Fisheries sustainability decisions for 2003-04
Friday, 26 September 2003 Media Statement
Fisheries sustainability decisions for 2003-04
Fisheries Minister Pete Hodgson today announced fisheries management changes for the new fishing year that begins on Wednesday 1 October 2003.
"These decisions follow consideration of the most recent scientific assessments and consultation with all stakeholders, including Maori, recreational and commercial fishers and environmental groups," Mr Hodgson said. "The aim is to ensure as far as possible the sustainability of fisheries and the marine environment."
Total catch limits are being increased for oreo in the Chatham Rise area and tarakihi in the waters around Auckland, Bay of Plenty and Northland. Decreased catch limits will apply to the western stock of the hoki fishery, bluenose around the bottom half of the South Island and paua around the Southland-Otago coast.
Mr Hodgson has accepted a paua industry plan for managing the paua fishery in the top half of the South Island, which means the commercial catch limit for the fishery will stay at the current level for the coming year.
Increased catch limits
Oreo (Chatham Rise area,
area code OEO4)
This is a multi-species stock including smooth, black and spiky oreo. As 2003 stock assessments indicate that the current smooth oreo stock size is above the sustainable level, the OEO Total Allowable Catch (TAC) and Total Allowable Commercial Catch (TACC) will increase from 5200 tonnes to 7000 tonnes. Mr Hodgson is encouraging the industry to develop a fishery plan for oreo to address its future management.
Tarakihi (Auckland, Bay of Plenty
and Northland – TAR1)
Reflecting current information about catch levels, the TAC will be increased from 1773 to 1958 tonnes. This provides for an increase in the allowance for Maori customary fishing, from 45 to 70 tonnes, and an increase in the recreational fishing allowance, from 310 to 470 tonnes. The TACC will remain at 1398 tonnes.
Commercial fishers had applied for an increase in the TACC. Mr Hodgson said while they had made encouraging progress in engaging with recreational fishers and detailing their proposed catch spreading arrangements, views remain divided. In the absence of a sufficient level of stakeholder agreement the minister has not accepted the commercial fishers’ proposal.
Decreased catch limits
Hoki (throughout New Zealand waters –
Stock assessment indicates that the western population of this fishery is in decline. Although sustainability of the stock does not appear to be threatened, fishing at current catch levels is likely to further deplete the western stock. Submissions from stakeholders indicated widespread concern over the status of western stocks, and suggested measures to monitor and avoid catching juvenile hoki. The TACC will therefore be reduced from 200,000 tonnes to 180,000 tonnes. Mr Hodgson has asked the industry to voluntarily agree to limit catch from the western stock to 110,000 tonnes (61.1%), with the remaining 70,000 tonnes (39.9%) to come from the eastern stock.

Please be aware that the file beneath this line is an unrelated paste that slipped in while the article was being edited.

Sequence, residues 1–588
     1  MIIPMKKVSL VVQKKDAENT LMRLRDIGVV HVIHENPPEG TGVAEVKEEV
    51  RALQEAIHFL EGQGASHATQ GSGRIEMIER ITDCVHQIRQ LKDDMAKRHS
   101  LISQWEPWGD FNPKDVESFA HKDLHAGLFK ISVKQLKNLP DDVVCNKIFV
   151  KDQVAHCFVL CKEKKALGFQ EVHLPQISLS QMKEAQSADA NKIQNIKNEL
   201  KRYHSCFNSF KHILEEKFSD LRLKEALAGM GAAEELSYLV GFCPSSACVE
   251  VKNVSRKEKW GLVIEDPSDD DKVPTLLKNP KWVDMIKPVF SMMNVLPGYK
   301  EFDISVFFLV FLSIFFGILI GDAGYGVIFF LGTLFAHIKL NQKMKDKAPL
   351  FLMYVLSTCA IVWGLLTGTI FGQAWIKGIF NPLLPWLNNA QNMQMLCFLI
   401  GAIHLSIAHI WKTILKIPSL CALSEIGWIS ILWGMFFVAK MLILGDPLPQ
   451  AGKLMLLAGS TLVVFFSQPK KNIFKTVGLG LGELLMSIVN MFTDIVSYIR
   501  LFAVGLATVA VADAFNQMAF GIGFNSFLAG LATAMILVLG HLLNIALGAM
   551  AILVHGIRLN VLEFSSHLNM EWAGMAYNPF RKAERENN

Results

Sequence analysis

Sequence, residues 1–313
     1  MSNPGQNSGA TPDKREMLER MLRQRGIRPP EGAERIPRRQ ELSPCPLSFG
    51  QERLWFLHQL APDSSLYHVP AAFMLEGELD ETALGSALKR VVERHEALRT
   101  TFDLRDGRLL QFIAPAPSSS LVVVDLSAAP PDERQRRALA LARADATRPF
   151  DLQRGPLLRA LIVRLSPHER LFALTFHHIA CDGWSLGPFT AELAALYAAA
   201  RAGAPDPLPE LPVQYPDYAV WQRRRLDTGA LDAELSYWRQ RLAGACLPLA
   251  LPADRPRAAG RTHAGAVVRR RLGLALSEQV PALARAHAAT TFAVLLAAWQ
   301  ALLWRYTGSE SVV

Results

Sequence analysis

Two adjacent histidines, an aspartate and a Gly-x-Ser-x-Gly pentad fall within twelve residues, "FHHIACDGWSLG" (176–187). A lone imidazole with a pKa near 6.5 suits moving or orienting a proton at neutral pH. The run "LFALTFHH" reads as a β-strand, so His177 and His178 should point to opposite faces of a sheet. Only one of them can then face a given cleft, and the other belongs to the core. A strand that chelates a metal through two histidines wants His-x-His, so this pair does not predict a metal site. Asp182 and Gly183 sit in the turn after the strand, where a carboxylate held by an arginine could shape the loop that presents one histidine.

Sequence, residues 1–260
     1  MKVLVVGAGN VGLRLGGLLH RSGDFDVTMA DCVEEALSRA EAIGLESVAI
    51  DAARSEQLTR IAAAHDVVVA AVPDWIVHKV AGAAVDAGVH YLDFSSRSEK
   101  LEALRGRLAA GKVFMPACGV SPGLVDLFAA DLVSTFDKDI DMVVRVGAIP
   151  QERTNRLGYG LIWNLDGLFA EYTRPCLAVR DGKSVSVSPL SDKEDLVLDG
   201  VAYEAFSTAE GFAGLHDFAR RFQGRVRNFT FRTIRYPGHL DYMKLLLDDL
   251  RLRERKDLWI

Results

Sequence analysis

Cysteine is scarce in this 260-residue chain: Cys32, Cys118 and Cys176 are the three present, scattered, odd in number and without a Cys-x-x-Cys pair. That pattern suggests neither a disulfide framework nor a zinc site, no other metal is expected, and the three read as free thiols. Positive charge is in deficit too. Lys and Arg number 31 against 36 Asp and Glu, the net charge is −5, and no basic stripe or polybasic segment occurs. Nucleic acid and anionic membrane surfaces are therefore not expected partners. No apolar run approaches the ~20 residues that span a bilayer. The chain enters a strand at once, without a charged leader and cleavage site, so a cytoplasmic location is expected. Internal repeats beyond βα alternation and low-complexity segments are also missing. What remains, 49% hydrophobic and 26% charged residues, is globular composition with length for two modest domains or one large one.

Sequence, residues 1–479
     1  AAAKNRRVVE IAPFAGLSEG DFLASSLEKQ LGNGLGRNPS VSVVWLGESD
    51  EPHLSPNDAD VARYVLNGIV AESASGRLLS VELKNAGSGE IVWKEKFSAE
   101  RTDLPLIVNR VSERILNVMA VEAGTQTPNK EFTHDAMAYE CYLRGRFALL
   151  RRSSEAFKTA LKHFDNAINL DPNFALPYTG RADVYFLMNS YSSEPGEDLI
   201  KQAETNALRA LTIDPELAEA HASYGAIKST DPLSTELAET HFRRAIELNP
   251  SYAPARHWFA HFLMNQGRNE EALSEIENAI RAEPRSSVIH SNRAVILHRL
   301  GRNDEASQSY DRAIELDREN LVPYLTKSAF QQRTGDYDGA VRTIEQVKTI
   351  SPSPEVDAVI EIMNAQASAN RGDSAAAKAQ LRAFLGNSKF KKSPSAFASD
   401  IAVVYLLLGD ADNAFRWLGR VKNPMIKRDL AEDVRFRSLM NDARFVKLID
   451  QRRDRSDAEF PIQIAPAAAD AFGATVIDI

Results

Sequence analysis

"This decision is a precautionary step that will lower the risk to the western stock, which is at its lowest biomass level ever," Mr Hodgson said. "The majority of quota holders support a reduction in the total allowable commercial catch. If the western stock does not improve over the next two years, further reductions in the western catch, the total allowable commercial catch, or both will become necessary."
Bluenose (bottom half of the South Island including the Chatham Rise – BNS3)
A transitional allowance of 250 tonnes of bluenose to be landed to the Chatham Islands annually for two years expires on 30 September this year. The TAC for the BNS 3 area is therefore being adjusted from 1211 tonnes to 961 tonnes. The current TACC remains at 925 tonnes and the allowances for customary Maori and recreational fishers are also unchanged.
Paua (Southland/Otago coast – PAU5D)
A two year staged reduction of the TAC was begun in 2002 and will continue for the 2003-04 fishing year. The TAC will be reduced from 159 to 134 tonnes and the TACC from 114 to 89 tonnes.
"Submissions indicated a general acceptance amongst stakeholders that paua stocks in this area have declined," Mr Hodgson said. "However, there are differing views on the measures and timeframes required to halt the decline in the stocks and to begin a rebuild. Within a total allowable catch, fishers are able to manage local depletion and serial depletion, possibly within the context of a fisheries plan. I encourage stakeholders to work together to maintain the sustainability of the fishery."
Retained catch limit
Paua (top half of the
South Island – PAU7 )
Mr Hodgson has accepted a paua industry plan for managing the paua fishery in the top half of the South Island, which means the TACC will stay at the current level of 187.24 tonnes and the paua industry will be given the opportunity to actively manage the fishery and increase the spawning and mature paua stock.
Over the last two years the TACC for this fishery has been reduced by 30 per cent to try to halt the decline and improve the amount of paua above the minimum legal size. The results of that reduction, based on the updated stock assessment, suggest there are signs that the proportion of mature paua may have stabilised.
"The growing unity and management capacity within the paua industry in this area means it has a credible ability to manage the stock," Mr Hodgson said. "Collaborative arrangements within the commercial sector are essential if an effective long-term management strategy for this fishery is to emerge."